However, canned food does have disadvantages. It's expensive, especially if you're feeding it to a large breed, such as a Lab. Its water content is high — as much as 78 percent — so you're not getting a lot of meat for your money. Canned food sticks to teeth and is a factor in the formation of plaque, which leads to periodontal disease.

Dry Food

This is the most common type of dog food purchased. Kibble contains grains; meat, poultry, or fish; some milk products; and vitamin and mineral supplements. It's made by combining all the ingredients, extruding them into the desired shapes or sizes, and baking. Once the dog food has cooled, the kibble is sprayed with fat or some other substance to make it taste good.

The big advantage to dry food is cost. It's much less expensive than canned food. This is something to consider when you have one or more large dogs to feed. Dry food has a long shelf life and can be left out without risk of going bad.

Dry food has a reputation for helping to prevent the buildup of plaque and tartar on teeth. Dry foods and biscuits can help crack off tartar (the hardened form of plaque), but they don't affect the gumline area. The exception to this is veterinary foods that are designed to have a cross-hatch effect on teeth, scrubbing them all the way to the gumline.

On the downside, kibble generally contains less fat and more carbohydrates than canned food. For this reason, it's often less palatable to dogs than canned food, especially if they're given a choice. A finicky Lab's taste buds can be tempted by mixing a little canned food in with the kibble.

Frozen and Semi-Moist Food

Frozen dog foods are made with fresh meat, vegetables, and fruit, and contain no artificial preservatives. After being mixed and formed into loaves, rolls, or cubes, the food is flash frozen to preserve freshness. Frozen nuggets are as easy to feed as kibble, and loaves or rolls are easy to slice after defrosting. Consider a commercial frozen food if you like the idea of fresh ingredients but don't have time to cook for the dog yourself.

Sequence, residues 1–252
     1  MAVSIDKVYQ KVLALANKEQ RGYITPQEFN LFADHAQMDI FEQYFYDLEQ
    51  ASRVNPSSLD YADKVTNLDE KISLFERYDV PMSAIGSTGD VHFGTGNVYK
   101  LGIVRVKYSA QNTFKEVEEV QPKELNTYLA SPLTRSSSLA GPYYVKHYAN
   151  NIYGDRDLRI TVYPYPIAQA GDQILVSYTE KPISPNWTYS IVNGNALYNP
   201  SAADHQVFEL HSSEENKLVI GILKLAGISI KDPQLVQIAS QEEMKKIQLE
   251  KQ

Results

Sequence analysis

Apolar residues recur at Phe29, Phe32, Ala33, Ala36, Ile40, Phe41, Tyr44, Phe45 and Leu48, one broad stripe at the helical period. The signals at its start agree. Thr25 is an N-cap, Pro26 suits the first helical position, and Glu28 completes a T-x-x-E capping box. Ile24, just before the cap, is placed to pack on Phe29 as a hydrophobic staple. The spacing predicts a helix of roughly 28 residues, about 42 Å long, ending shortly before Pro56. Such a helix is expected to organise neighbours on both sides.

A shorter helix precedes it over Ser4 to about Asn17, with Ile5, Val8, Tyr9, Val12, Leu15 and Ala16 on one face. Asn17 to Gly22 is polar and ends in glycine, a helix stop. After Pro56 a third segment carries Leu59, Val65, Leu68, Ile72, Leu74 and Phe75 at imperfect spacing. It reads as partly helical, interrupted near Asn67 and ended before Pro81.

The downside is that frozen dog food is available only in limited distribution. It must be kept frozen until you're ready to use it, and any unused portion must be refrigerated. If you're traveling with a dog, it's difficult to take the food along unless you have some means of refrigeration or of finding it in pet stores along the way. Some frozen foods also come in freeze-dried form and can be reconstituted with hot water. Some dogs will eat this, while others turn up their noses.

There's no evidence showing that dogs do better on one type of food than another. The choice you make depends on your Lab's dietary needs and preferences, as well as your preferences and budget.

The semi-moist food diet is softer than dry food but not as messy as canned food. The amount of water it contains ranges from 15 to 30 percent. Ingredients include fresh or frozen animal tissues, grains, fats, and sugars.

Other than convenience and palatability, there's not much to be said for semi-moist foods. The level of sugar they contain puts them squarely in the junk food category. In cost, they fall somewhere between canned and dry food, although single-serve packets usually compare in price to canned foods. This type of food is best given in small quantities as a treat.